Spodoptera frugiperda (Sf) cell lines are widely used for baculovirus-mediated production of recombinant proteins, including human biologics. Thus, it was disconcerting when FDA investigators detected a rhabdovirus in some of these cell lines. This contaminant, now known as Sf-rhabdovirus, was initially detected by electron microscopy of Sf9 cell-conditioned media (3). In addition, massively parallel sequencing revealed rhabdovirus-related sequences in Sf9, Sf21, and in conditioned media from these cells. These results have been confirmed and extended (2, 4) and most investigators now recognize many, if not all Sf lines are contaminated with Sf-rhabdovirus.
Different Sf lines can harbor distinct Sf-rhabdoviral variants, including one with a 320 bp deletion in the X/L region (1-3). The X/L intergenic region includes a transcriptional control element for L gene expression. The position and, therefore, presence or absence of this element in the 320 bp deletion mutant has not been determined. Nevertheless, this has raised questions about the ability of this variant to replicate (1).
Our basic motivation for this study was to clarify the Sf-rhabdovirus contamination issue by directly examining Sf-rhabdoviral infectivity. We were particularly interested in comparing the infectivities of Sf-rhabdovirus variants with or without the 320 bp X/L deletion in Sf cells. These efforts were enabled by the isolation of an Sf-rhabdovirus-negative (Sf-RVN) Sf cell line, which has no detectable Sf-rhabdovirus sequences (4).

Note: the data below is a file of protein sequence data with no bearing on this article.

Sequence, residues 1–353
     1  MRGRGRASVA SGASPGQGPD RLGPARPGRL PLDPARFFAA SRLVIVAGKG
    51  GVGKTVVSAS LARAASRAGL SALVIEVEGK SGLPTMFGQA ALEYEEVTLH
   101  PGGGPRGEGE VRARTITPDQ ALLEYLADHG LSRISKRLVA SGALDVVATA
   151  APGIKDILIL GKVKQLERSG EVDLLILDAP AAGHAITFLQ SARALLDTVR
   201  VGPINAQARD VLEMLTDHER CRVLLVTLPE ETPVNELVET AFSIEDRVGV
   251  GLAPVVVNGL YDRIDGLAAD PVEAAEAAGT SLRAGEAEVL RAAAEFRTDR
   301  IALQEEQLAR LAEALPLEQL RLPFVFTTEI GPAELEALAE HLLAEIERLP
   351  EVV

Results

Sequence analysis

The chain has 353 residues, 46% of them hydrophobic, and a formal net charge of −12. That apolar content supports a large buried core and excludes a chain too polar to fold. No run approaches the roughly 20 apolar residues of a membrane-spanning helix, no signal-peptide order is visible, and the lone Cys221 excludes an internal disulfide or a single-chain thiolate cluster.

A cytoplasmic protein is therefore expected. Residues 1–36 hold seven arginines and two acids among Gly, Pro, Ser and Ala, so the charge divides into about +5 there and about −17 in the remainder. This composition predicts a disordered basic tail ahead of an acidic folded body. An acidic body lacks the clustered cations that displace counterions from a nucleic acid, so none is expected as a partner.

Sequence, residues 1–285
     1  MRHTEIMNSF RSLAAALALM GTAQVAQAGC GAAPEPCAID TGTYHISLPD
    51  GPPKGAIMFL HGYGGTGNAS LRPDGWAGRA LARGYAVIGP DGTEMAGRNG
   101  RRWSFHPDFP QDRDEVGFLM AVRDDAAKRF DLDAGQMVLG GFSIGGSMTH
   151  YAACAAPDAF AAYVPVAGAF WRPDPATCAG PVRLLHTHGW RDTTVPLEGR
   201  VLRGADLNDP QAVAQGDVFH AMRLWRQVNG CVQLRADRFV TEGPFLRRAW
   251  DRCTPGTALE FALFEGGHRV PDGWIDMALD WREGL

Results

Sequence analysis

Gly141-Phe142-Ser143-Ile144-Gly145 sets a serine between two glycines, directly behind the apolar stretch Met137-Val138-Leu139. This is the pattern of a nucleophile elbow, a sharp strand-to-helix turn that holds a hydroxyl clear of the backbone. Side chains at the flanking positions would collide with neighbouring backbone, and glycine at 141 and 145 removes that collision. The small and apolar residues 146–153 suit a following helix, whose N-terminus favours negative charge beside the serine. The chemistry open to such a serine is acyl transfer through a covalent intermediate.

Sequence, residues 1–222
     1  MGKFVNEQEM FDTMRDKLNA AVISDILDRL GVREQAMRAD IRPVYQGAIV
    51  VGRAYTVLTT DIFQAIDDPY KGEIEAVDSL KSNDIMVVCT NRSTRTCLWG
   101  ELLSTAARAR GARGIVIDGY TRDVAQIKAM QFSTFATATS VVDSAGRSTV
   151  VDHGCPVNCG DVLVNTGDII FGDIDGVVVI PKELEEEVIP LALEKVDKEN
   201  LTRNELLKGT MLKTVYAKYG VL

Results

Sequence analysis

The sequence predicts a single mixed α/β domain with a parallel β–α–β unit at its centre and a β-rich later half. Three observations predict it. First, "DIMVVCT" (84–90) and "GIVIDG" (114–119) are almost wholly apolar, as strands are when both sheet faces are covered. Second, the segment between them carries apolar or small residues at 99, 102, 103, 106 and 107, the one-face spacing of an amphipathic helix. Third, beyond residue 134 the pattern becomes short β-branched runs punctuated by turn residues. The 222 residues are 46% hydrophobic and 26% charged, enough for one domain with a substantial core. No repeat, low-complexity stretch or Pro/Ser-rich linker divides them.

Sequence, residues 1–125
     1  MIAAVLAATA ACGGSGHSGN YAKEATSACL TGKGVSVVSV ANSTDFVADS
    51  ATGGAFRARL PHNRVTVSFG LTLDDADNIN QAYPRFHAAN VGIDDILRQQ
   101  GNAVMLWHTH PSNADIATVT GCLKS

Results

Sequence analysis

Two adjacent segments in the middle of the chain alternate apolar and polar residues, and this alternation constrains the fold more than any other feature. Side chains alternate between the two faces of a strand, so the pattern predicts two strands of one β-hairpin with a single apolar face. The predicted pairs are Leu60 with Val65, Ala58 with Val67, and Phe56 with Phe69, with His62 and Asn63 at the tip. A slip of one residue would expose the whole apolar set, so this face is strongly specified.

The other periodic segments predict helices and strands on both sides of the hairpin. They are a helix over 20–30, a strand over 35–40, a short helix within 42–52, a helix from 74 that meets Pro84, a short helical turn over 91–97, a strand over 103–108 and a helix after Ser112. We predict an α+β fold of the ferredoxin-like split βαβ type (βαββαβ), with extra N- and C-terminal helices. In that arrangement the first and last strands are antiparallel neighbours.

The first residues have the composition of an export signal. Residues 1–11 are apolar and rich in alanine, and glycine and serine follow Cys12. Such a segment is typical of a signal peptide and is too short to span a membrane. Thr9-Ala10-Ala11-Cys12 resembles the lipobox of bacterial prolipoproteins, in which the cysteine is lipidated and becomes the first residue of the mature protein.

The “aha” moment came when we found Sf-rhabdoviruses with or without the 320 bp X/L deletion are both infectious for Sf-RVN cells. These results were the first to directly demonstrate Sf-rhabdovirus can establish persistent, productive infections in Sf cells. Importantly, they also showed Sf-rhabdovirus variants with the 320 bp X/L deletion are replicative. Thus, the bad news is Sf cell lines harboring this variant are contaminated with an infectious viral agent, whether we like it or not. The good news was we found no evidence of integrated Sf-rhabdovirus-specific sequences in Sf cell genomes, as has been reported in a study of one Sf cell line (1). We also found Sf-rhabdovirus was unable to establish persistent infections in heterologous insect or mammalian cell lines, supporting previous data indicating this virus has a limited host range.
Introducing the authors
Ajay Maghodia (left) is a Research Scientist with GlycoBac, LLC, which is a startup company housed at the University of Wyoming in Laramie, Wyoming. Don Jarvis (right) is a Professor in the Department of Molecular Biology at the Universtiy of Wyoming and the Founder of GlycoBac, LLC
About the research
Infectivity of Sf-rhabdovirus variants in insect and mammalian cell lines
Ajay B.Maghodia, Donald L.Jarvis
Virology, Volume 512, December 2017, Pages 234-245